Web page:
The meaning of the elections in Pakistan

March 13, 2008 at 12:30 am (Pakistan, Uncategorized)

So what do the elections in Pakistan mean?

Yes, elections took place.
Yes, they were freer than one first expected them to be.
Yes, they were competitive for the most part.
Yes, the people of Pakistan had a say.
But, no, they were not intrinsically good for Pakistan.

And, frankly, I doubt whether Benazir would have changed the above. Let me explain in a short while.

The former ruling party was PML-Q which stands for the “Pakistan Muslim League – Quaid faction”. This is because the other major faction is the PML-N, the Pakistan Muslim League – Nawaz faction. In essence, PML-N supports Nawaz Sharif while PML-Q does not. PML-Q is Musharraf’s party, for all intents and purposes.

But since its beginning, PML-N strenuously opposed Musharraf. This is because Nawaz Sharif strenuously opposes Pervaiz Musharraf. And this mutual opposition is quite personal. Nawaz fired Musharraf, Musharraf ousted Nawaz, Nawaz tried to kill Musharraf when Musharraf was returning to Pakistan, Musharraf put Nawaz on trial, Nawaz was sent in exile. They both hate each other.

Now, what was personal has become political. PML-N and its allies have been doing everything to oppose and topple Musharraf. They are the ones primarily responsible for the meme that democracy in Pakistan is threatened (or, for that matter, doesn’t exist) as long as Musharraf has any power, as if Pakistan will become a haven for democracy the moment Musharraf steps down.

In contrast to Nawaz Sharif, Benazir was pro-Musharraf. When she returned, she realized that this certainly helped her return to Pakistan but it certainly hurts her when it comes to the elections. So she changed gears and became anti-Musharraf. What remains questionable is whether this anti-Musharraf stance was for appearance’s sake or whether she meant it. What also is questionable is whether she would have acted on anti-Musharraf demands made by her allies if she came into power. Many people expected her to be pro-Musharraf to staunch the rise of anti-Musharraf sentiment and policies, and indeed Musharraf depended on this, but it is difficult to tell how she would have acted.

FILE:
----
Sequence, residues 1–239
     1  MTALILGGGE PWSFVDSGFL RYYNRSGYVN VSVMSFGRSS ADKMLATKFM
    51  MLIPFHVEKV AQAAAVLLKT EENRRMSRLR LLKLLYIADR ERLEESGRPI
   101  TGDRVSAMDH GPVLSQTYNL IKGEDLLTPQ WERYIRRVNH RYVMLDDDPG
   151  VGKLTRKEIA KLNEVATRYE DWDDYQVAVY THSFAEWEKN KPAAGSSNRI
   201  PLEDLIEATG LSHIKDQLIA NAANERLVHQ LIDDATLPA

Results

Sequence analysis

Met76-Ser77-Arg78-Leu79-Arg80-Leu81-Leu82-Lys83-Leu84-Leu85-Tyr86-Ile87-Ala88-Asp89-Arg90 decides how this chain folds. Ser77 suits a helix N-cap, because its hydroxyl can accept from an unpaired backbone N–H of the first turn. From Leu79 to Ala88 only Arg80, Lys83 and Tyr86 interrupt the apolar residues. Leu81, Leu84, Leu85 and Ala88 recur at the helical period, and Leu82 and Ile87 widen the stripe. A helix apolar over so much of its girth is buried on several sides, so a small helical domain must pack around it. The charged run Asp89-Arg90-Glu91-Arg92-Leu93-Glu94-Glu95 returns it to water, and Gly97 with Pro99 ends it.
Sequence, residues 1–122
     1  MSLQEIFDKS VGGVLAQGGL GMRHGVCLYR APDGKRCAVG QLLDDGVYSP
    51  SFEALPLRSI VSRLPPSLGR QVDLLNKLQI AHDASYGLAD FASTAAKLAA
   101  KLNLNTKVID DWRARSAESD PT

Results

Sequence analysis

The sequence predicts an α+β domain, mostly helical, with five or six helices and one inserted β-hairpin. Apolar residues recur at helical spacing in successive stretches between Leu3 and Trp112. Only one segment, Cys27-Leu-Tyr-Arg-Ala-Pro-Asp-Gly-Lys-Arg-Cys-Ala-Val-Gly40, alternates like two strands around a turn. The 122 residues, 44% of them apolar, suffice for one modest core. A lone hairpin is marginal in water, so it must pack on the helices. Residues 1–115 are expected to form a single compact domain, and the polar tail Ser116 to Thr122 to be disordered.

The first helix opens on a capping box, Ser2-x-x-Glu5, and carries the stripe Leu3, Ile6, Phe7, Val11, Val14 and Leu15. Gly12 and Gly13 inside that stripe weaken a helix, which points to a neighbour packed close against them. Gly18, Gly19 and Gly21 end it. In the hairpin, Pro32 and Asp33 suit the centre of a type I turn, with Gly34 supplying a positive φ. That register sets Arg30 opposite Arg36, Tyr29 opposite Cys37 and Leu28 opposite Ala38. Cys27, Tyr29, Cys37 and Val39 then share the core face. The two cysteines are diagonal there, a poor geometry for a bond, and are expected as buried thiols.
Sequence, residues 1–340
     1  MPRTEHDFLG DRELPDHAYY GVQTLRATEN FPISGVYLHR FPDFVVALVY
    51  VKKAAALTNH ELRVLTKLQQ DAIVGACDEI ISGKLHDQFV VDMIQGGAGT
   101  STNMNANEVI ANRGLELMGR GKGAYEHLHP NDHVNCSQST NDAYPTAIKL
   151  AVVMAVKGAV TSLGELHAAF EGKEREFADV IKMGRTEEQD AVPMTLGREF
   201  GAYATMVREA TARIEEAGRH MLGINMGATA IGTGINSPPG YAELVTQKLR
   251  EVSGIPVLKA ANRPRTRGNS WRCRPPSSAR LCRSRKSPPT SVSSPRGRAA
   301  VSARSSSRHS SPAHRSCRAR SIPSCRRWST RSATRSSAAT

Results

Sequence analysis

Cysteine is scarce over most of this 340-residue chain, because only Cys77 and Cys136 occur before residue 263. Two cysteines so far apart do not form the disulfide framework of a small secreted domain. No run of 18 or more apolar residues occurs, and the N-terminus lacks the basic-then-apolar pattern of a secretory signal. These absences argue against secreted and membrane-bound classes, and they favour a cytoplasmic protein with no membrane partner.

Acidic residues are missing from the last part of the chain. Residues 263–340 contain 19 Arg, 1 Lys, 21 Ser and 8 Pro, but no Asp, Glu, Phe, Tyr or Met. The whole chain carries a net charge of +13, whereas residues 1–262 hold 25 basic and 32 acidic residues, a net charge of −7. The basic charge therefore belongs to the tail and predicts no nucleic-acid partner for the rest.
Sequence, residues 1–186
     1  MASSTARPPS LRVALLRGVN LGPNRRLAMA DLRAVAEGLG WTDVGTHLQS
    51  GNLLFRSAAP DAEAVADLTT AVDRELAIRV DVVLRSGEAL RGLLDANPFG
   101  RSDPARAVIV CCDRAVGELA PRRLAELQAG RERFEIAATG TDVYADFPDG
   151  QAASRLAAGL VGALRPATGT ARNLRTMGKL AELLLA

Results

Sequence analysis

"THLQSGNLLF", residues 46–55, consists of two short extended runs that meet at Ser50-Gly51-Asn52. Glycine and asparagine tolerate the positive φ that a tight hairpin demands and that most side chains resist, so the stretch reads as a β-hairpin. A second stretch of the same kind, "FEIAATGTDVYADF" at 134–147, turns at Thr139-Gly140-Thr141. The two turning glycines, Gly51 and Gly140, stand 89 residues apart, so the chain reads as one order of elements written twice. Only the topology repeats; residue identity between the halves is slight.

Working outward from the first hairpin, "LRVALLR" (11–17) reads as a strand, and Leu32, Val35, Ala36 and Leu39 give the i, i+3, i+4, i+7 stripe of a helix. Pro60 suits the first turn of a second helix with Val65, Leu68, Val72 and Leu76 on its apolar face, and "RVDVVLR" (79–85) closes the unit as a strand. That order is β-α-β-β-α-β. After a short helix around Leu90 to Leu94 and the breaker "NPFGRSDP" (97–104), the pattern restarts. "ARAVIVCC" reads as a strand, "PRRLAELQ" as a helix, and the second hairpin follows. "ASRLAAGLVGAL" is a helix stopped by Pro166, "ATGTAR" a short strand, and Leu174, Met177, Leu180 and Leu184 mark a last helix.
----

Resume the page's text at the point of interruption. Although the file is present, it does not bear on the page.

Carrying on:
Various political movements, parties, and people planned to use these elections has a launching pad for effective anti-Musharraf plans and policies. Once in power, the civilian government would begin to do everything it could do oust Musharraf, beginning with the deposed Supreme Court (which was dismissed at the end of last year when Musharraf declared emergency rule). With the proper elements in place, they planned to declare Musharraf ineligible as president of Pakistan and force him out. They may yet do it.

But Musharraf is not an idiot. Whereas he may not be able to completely stop such efforts, he can fight back. As president, he still has the power to dismiss Parliament. And he can always use his friend General Kayani, Chief of Army Staff, to help him out.

In other words, there was to be a showdown and there may yet be one. Musharraf’s options have been reduced due to no longer being the Chief of Army Staff and due to Pakistan’s need to present some semblance of respect for civilian or political rule. PML-N and PPP (Benazir’s party) made major gains in the recent elections. Let us see whether they can unite to do anything, and if they unit to oust Musharraf. If they do, there will be an intense period of instability in the political world of Pakistan. But then, this instability is the story of Pakistan.

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2 Comments

  1. pajama momma said,

    Happy Easter! 🙂

  2. Evil Con Carne said,

    whats up mulihoon!

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